Regarding the welfare of children in same-sex families, conservatives enjoy touting the findings of the recent “New Family Structures” survey, which claimed that children of parents who engage in same-sex relationships often suffer long-term psychological consequences.

If protecting children is not reason for restricting loving, committed couples from getting married, then what is? However, experts argue that this study and others like it are methodologically flawed.

For example, Debra Umberson, University of Texas social science professor and a colleague of the primary author of the research, went so far as to call the study an “irresponsible and reckless representation of social science research.” Anecdotal evidence from children of same-sex couples shows us that these children can be just as happy and healthy as those from traditional households.

This is where we come to moral and faith-based arguments. The American Family Association, a self-proclaimed “pro-family organization,” captures a common argument against same-sex marriage in its statement that, “The homosexual movement’s promotion of same-sex marriage undermines the God-ordained institution of marriage and family.”

But this type of religion-based argument doesn’t work in the pluralistic U.S. culture, where the law has no place in determining individual citizens’ choices to, or not to, follow ideals of any given faith.

In other words, the law should not restrict marriage based on religious definitions for the same reasons that denial of the Messiah shouldn’t be taught in public schools.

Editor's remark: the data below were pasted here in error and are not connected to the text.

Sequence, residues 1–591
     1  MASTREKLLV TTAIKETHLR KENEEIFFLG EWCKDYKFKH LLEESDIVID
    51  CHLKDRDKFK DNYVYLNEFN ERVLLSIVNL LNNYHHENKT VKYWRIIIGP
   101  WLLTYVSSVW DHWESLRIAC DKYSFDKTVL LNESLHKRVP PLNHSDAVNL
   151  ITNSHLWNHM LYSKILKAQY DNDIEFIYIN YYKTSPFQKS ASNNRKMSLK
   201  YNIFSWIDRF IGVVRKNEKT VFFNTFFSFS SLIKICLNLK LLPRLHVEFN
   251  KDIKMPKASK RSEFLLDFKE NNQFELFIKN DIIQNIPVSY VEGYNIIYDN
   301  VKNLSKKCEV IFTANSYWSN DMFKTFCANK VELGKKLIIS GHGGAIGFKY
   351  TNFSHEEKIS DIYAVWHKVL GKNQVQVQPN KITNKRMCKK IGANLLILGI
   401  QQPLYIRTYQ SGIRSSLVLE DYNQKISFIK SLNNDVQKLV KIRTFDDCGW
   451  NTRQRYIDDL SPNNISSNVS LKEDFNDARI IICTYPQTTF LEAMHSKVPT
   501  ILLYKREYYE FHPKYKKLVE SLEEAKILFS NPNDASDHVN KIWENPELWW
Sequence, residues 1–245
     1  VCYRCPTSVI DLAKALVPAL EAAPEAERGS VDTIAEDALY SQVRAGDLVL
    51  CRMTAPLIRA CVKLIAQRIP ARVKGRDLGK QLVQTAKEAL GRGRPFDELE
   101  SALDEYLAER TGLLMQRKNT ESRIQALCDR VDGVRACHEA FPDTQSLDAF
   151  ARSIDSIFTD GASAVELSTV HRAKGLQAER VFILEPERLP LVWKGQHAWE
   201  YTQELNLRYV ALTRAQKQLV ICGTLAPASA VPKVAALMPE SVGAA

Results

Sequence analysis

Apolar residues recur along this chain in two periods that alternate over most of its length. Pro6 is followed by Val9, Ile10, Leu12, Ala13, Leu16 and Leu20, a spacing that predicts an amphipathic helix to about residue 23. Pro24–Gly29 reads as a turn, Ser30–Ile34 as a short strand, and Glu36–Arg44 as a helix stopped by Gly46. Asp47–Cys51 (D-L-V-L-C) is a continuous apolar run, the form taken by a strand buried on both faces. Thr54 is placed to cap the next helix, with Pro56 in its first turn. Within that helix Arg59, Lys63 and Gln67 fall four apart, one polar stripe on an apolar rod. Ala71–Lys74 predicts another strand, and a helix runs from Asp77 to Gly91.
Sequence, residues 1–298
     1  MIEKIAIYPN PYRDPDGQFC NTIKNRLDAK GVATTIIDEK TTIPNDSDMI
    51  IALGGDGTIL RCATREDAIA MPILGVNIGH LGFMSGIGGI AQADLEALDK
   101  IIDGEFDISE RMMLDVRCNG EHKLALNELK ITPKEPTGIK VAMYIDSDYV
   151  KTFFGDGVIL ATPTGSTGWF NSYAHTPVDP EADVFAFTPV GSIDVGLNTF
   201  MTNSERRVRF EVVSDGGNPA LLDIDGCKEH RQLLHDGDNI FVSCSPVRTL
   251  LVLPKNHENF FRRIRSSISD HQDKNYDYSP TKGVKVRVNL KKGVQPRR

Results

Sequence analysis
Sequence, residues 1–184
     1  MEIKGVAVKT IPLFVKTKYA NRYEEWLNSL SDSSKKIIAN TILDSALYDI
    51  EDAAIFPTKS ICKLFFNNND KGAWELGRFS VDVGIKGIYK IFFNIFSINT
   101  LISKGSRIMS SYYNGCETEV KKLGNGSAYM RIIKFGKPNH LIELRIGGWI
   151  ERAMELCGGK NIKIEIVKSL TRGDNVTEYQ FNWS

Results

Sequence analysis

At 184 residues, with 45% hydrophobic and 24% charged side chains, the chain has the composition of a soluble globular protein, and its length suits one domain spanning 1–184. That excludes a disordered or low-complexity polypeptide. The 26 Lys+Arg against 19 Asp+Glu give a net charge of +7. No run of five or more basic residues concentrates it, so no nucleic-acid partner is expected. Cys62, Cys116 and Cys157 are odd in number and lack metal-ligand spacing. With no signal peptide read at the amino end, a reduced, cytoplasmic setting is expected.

The same statement from the AFA also claims that Christians must oppose marriage equality because, “The scripture declares that homosexuality is unnatural and sinful.” Later in their argument, they state that same-sex marriage will “lead to the normalization of even more deviant behavior.”

Arguments of sin, along the same lines of the traditional marriage argument, should be excused due to their basis in religion. This is especially true when many progressive denominations condone same-sex marriage.

Even with plurality of the population’s beliefs regarding homosexuality, those who oppose equality would have us hold conservative religious beliefs above all else. But do we really want the law involved in deciding which religion’s ideals we must follow?

We must retain the sweet American freedom which allows us to practice the ideals of whatever faith one believes in, including no faith at all.

By allowing religion to govern on this issue, we open ourselves up to further  legislation based on religious definitions, whether those definitions be Protestant, Catholic, Muslim, Buddhist or otherwise.

To preserve the spirit of the Constitution, which advocates for unrestricted choice of religion, we must reject faith-based arguments when considering issues of the law.

We must separate faith from government through our vote.

Without proof showing that same-sex marriage harms children, and without faith as a foundation to stand on, there’s no reason not to approve marriage equality in Washington and throughout the United States.

Lindsie Trego

Trego is a junior majoring in journalism and mass communication and English. Comments can be sent to lwagner14@my.whitworth.edu.